10. You may want to consider registering for “Authorised Economic Operator” (AEO) status, which gives “Trusted” businesses simplified customs procedures. The application does take time and is complex. See:  https://www.gov.uk/guidance/authorised-economic-operator-certification
  11. In the event of the EU and UK not reaching a free trade agreement, from 1 January 2021 all exports and imports to the EU will be subject to tariffs. You will need to identify where “inputs” come from and which categories of products they fall into so you can work out the tariffs that will apply. The UK Government have published trade tariffs duty and VAT rates by commodity: https://www.gov.uk/trade-tariff
  12. If you currently have business agreements with EU companies, these may need to be redrafted to cover off areas such as customs arrangements, import duties, how VAT is accounted for, definitions such as “Territory”, dispute resolution, and unanticipated administration as a result of Brexit. Consult your lawyer for advice to avoid any potential issues sooner rather than later.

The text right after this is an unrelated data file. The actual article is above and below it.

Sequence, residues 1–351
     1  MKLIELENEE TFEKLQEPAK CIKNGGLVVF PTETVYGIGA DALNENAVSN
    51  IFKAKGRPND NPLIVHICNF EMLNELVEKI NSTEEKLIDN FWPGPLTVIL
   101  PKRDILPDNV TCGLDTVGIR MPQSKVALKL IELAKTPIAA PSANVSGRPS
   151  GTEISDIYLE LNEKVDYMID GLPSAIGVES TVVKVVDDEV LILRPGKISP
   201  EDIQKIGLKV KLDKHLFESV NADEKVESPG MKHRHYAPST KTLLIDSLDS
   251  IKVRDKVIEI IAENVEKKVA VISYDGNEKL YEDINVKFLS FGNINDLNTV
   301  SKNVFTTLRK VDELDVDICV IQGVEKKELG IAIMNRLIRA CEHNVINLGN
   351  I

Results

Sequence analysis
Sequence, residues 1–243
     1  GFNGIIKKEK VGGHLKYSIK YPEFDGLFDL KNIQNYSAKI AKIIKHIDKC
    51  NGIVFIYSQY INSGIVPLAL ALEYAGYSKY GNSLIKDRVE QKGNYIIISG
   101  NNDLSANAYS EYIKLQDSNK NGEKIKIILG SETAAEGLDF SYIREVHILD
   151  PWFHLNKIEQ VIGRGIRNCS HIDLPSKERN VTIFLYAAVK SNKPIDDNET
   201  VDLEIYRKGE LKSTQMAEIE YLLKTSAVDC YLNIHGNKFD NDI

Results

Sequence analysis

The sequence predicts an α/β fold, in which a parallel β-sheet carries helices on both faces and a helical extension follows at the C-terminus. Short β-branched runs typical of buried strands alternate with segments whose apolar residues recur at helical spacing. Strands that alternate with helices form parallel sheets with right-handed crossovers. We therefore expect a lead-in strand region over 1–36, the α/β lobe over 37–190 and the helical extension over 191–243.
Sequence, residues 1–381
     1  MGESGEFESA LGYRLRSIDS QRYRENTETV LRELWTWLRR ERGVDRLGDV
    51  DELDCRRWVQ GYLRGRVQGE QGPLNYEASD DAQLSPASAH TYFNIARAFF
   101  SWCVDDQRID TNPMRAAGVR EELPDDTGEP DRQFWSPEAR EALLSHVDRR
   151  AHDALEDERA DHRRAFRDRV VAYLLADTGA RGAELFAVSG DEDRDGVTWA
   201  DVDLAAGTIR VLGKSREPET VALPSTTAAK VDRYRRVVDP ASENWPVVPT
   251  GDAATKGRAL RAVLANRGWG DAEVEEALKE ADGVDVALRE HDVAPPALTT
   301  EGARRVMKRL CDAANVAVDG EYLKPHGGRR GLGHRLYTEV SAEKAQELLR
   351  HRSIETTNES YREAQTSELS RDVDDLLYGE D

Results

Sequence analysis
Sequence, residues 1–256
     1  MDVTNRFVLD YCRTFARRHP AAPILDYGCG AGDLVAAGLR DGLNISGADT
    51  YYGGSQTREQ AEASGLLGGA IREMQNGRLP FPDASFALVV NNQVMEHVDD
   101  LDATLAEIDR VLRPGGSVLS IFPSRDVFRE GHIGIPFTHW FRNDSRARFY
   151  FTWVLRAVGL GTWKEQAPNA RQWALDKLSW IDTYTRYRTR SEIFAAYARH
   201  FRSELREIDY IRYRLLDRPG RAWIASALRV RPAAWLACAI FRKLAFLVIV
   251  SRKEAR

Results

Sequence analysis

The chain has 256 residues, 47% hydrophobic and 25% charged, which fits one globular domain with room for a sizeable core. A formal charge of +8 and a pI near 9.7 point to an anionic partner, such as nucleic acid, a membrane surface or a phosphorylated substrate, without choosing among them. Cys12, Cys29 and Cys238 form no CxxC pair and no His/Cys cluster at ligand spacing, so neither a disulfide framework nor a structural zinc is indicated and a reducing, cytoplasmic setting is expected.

13. Review all EU employees currently working in your business and ascertain whether they are applying for “Settled status” by 31 December 2020. Your UK employees working in the EU may need to apply for a similar status, see https://www.gov.uk/Government/publications/eu-settlement-scheme-employer-toolkit 
  14. If your business has a “.EU” domain name you should check the eligibility to hold such a domain here: https://www.gov.uk/Government/publications/guidance-on-eu-top-level-domain-name-registrations-in-the-event-of-a-no-deal-eu-exit/guidance-on-eu-top-level-domain-name-registrations-in-the-event-of-a-no-deal-eu-exit
  15. If you are involved in eCommerce, then read the Government’s EU guidance on this area: https://www.gov.uk/Government/publications/ecommerce-eu-exit-guidance